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The impact of disinfection Ct values on cytotoxicity of agricultural wastewaters: Ozonation vs. chlorination
- Dong, Shengkun, Massalha, Nedal, Plewa, Michael J., Nguyen, Thanh H.
- Water research 2018 v.144 pp. 482-490
- acetylcysteine, byproducts, chlorination, cytotoxicity, disinfectants, disinfection, mammals, ozonation, pathogens, thiols, wastewater, wastewater treatment, water reuse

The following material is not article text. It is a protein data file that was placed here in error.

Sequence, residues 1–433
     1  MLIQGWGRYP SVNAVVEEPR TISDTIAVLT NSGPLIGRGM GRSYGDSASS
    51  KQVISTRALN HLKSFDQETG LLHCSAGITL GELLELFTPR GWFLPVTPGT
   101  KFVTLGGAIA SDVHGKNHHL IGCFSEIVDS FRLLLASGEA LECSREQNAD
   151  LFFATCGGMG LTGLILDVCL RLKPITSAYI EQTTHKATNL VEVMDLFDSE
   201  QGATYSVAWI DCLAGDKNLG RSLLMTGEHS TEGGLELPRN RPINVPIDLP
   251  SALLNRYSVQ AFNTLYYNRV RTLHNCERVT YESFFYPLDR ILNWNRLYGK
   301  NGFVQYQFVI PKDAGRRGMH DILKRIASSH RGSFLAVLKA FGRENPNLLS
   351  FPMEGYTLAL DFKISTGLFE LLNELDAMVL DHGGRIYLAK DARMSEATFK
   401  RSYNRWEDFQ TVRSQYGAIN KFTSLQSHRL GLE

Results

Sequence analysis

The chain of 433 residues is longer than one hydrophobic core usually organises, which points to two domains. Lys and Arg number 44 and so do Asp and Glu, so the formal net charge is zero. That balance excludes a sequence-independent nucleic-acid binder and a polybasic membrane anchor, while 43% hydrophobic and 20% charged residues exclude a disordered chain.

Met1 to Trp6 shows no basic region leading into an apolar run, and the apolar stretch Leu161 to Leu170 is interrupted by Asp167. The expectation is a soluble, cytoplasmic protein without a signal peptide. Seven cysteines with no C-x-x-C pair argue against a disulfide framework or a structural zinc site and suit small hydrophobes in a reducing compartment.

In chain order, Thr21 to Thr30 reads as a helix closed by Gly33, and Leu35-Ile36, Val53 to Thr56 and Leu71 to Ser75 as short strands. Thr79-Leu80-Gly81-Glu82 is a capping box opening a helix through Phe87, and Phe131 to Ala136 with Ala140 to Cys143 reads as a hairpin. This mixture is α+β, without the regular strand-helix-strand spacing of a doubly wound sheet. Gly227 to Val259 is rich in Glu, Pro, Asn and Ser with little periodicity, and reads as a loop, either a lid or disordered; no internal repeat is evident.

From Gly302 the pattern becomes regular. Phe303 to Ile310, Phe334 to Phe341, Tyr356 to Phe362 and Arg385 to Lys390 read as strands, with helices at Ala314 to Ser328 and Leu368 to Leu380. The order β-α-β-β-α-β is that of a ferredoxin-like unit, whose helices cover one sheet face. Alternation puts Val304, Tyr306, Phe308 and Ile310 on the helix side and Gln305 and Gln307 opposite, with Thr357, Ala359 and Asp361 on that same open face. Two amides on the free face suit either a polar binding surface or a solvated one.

- Toxicity arising from toxic disinfection byproducts is an unintended result of disinfection during water reclamation. To ensure safe water reclamation treatment, it is important to develop a disinfection strategy with minimal formation of overall toxicity in the reclaimed water. The cumulative disinfectant concentration over time (Ct) is a useful concept for pathogen control during reuse water disinfection. We evaluated the toxicity impact of Ct values and different methods to achieve identical Ct values by ozonation or chlorination of wastewaters from four agricultural sources on mammalian cells. N-acetylcysteine (NAC) reactivity of the wastewater organic extracts was determined to reveal their impact on the thiol-specific biological detoxification mechanism. The results demonstrated that for two sources and for both ozonation and chlorination, higher Ct values enhanced cytotoxicity. The ozonated waters were at least 10% less toxic and as much as 22.4 times less toxic than either the non-disinfected controls or the chlorinated waters. Chlorination consistently induced higher cytotoxicity than ozonation by between 2.2 and 22.4 fold, respectively, and induced similar or higher cytotoxicity than the non-disinfected controls, by at most 4.4 fold. Given the same Ct values, the combination of high disinfectant concentration and short contact time produced finished wastewaters with higher toxicity, than the combination of low disinfectant concentration and long contact time. NAC thiol reactivity was positively and significantly correlated with mammalian cell cytotoxicity, and agreed with 80% of the cytotoxicity rank order. This suggests that the induction of cytotoxicity involved reactions with agents that acted as thiol pool quenchers. The overall results indicate that the cytotoxicity of wastewaters may increase when higher Ct values are applied to inactivate recalcitrant pathogens. To counteract the potential increase in cytotoxicity at high Ct values, for both ozonation and chlorination, lower disinfectant dose and longer contact time may be adopted.